The second tip is to communicate fears, beliefs and expectations as long as it is safe and appropriate to do so. This has helped me so much. A spouse or significant other, therapist, trusted friend, parent, mentor or anyone who is loving and truthful with you would be a great person to start with. Often, we keep our beliefs within our mind and do not speak them out loud due to fear or shame. If you speak up you may find that your beliefs were wrong which can stop foreboding and promote healing. Without speaking up the fear can continue in your mind and cause a lot of racing thoughts, ruminating, fear, shame, and avoidance. I learned to be more direct and express myself over the years. It is a continuous process, and it can take awhile to feel comfortable.
Foreboding and Relationship with God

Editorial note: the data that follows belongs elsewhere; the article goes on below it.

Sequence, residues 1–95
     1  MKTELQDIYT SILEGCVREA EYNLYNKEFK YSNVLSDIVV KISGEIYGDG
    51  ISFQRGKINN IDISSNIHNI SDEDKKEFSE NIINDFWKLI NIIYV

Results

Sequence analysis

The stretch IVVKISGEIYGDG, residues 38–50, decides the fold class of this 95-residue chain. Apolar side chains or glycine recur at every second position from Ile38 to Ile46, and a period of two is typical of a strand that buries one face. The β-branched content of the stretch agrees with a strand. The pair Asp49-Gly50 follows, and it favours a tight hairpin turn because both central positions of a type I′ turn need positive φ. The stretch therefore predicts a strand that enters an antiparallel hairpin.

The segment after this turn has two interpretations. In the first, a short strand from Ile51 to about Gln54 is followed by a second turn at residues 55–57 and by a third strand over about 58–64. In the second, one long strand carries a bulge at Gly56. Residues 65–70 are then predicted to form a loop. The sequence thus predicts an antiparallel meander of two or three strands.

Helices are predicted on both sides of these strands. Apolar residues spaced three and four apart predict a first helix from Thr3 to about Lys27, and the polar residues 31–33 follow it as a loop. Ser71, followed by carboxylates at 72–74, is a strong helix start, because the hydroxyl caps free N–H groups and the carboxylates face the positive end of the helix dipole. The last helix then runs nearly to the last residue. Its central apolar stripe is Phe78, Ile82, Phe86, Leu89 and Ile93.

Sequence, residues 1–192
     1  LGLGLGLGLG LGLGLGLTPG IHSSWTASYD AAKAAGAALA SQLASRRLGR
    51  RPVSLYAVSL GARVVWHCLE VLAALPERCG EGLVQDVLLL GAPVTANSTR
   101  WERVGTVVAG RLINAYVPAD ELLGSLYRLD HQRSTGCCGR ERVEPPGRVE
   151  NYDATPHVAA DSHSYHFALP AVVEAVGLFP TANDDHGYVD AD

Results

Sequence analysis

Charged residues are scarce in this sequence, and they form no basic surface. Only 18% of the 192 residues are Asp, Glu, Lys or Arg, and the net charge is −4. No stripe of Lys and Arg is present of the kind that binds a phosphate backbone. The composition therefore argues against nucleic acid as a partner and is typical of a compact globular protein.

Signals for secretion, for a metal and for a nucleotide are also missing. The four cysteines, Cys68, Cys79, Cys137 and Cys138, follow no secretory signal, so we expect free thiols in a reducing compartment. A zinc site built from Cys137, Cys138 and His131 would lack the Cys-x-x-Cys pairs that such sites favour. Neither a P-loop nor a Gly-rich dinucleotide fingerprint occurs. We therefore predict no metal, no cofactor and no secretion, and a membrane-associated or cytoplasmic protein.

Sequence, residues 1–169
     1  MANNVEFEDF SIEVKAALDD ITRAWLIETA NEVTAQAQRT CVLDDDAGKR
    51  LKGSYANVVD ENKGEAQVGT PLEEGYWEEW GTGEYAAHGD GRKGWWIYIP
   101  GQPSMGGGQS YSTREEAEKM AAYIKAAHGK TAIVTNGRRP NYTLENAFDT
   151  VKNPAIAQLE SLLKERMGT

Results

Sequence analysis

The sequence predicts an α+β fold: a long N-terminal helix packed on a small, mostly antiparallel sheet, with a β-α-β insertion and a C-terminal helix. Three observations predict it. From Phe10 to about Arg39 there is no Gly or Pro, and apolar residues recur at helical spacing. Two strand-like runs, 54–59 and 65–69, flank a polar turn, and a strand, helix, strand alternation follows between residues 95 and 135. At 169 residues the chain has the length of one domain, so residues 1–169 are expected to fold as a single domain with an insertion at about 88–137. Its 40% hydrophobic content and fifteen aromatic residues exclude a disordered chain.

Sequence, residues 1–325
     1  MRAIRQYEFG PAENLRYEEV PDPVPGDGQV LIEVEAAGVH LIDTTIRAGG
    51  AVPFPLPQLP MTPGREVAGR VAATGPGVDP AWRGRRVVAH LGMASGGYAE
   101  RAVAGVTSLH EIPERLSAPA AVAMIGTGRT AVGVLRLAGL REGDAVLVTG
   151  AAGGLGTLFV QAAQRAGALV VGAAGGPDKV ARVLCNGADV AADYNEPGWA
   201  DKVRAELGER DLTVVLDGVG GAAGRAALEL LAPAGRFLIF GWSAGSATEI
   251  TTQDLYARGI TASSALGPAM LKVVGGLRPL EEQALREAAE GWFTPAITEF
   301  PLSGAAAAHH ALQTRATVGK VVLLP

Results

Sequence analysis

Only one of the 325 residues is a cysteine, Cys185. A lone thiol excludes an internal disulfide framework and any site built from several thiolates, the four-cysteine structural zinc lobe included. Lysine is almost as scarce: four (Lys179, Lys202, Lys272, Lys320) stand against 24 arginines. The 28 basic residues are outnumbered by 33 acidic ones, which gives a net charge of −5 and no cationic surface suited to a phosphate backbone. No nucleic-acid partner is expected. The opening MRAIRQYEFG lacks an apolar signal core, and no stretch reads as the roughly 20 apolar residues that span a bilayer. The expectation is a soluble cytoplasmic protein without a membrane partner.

My relationship with God was hindered (and still is sometimes) due to foreboding. I had difficulties trusting God with my future and anticipated “trials” or unrealistic terrible situations that involved God basically manipulating me. This is a very distorted view of God; I believed that God was a “puppet master” creating difficult situations that I’d need to overcome. It took years of struggle and prayer to figure this out. I did not want to think of God negatively but due to my past I had incorrect beliefs about God and people that I needed to correct. I realized after ten years of being a Christian that I was experiencing a trauma response. I loved God and read my Bible daily but it did not erase this belief because I was totally unaware of the root of the problem being my past experiences. Once I was able to understand this, I was able to work to change it through the ABC method, prayer, body work, and reading the Bible. I saw a lot of change in my perception of God, others, and my circumstances since realizing this, and began to look at suffering or the possibility of suffering much differently.